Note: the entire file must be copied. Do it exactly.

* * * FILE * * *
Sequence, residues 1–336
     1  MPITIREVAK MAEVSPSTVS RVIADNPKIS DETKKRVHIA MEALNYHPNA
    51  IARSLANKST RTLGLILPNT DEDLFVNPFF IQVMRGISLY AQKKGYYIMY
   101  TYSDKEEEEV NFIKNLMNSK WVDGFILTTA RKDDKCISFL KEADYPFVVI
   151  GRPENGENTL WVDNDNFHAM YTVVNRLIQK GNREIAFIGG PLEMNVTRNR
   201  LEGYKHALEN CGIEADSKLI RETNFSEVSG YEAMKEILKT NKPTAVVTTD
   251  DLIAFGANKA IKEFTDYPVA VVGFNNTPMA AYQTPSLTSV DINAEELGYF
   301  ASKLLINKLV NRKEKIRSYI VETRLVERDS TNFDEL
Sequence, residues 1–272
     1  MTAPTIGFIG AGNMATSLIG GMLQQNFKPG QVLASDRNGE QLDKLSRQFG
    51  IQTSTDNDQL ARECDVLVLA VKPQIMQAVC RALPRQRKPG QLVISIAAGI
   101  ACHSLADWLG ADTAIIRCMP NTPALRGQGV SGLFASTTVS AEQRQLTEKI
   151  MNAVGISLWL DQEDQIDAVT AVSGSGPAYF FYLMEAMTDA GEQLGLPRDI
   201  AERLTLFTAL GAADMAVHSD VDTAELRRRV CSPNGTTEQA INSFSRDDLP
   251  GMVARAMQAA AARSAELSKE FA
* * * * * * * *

Sequence, residues 1–336
     1  MPITIREVAK MAEVSPSTVS RVIADNPKIS DETKKRVHIA MEALNYHPNA
    51  IARSLANKST RTLGLILPNT DEDLFVNPFF IQVMRGISLY AQKKGYYIMY
   101  TYSDKEEEEV NFIKNLMNSK WVDGFILTTA RKDDKCISFL KEADYPFVVI
   151  GRPENGENTL WVDNDNFHAM YTVVNRLIQK GNREIAFIGG PLEMNVTRNR
   201  LEGYKHALEN CGIEADSKLI RETNFSEVSG YEAMKEILKT NKPTAVVTTD
   251  DLIAFGANKA IKEFTDYPVA VVGFNNTPMA AYQTPSLTSV DINAEELGYF
   301  ASKLLINKLV NRKEKIRSYI VETRLVERDS TNFDEL
Sequence, residues 1–272
     1  MTAPTIGFIG AGNMATSLIG GMLQQNFKPG QVLASDRNGE QLDKLSRQFG
    51  IQTSTDNDQL ARECDVLVLA VKPQIMQAVC RALPRQRKPG QLVISIAAGI
   101  ACHSLADWLG ADTAIIRCMP NTPALRGQGV SGLFASTTVS AEQRQLTEKI
   151  MNAVGISLWL DQEDQIDAVT AVSGSGPAYF FYLMEAMTDA GEQLGLPRDI
   201  AERLTLFTAL GAADMAVHSD VDTAELRRRV CSPNGTTEQA INSFSRDDLP
   251  GMVARAMQAA AARSAELSKE FA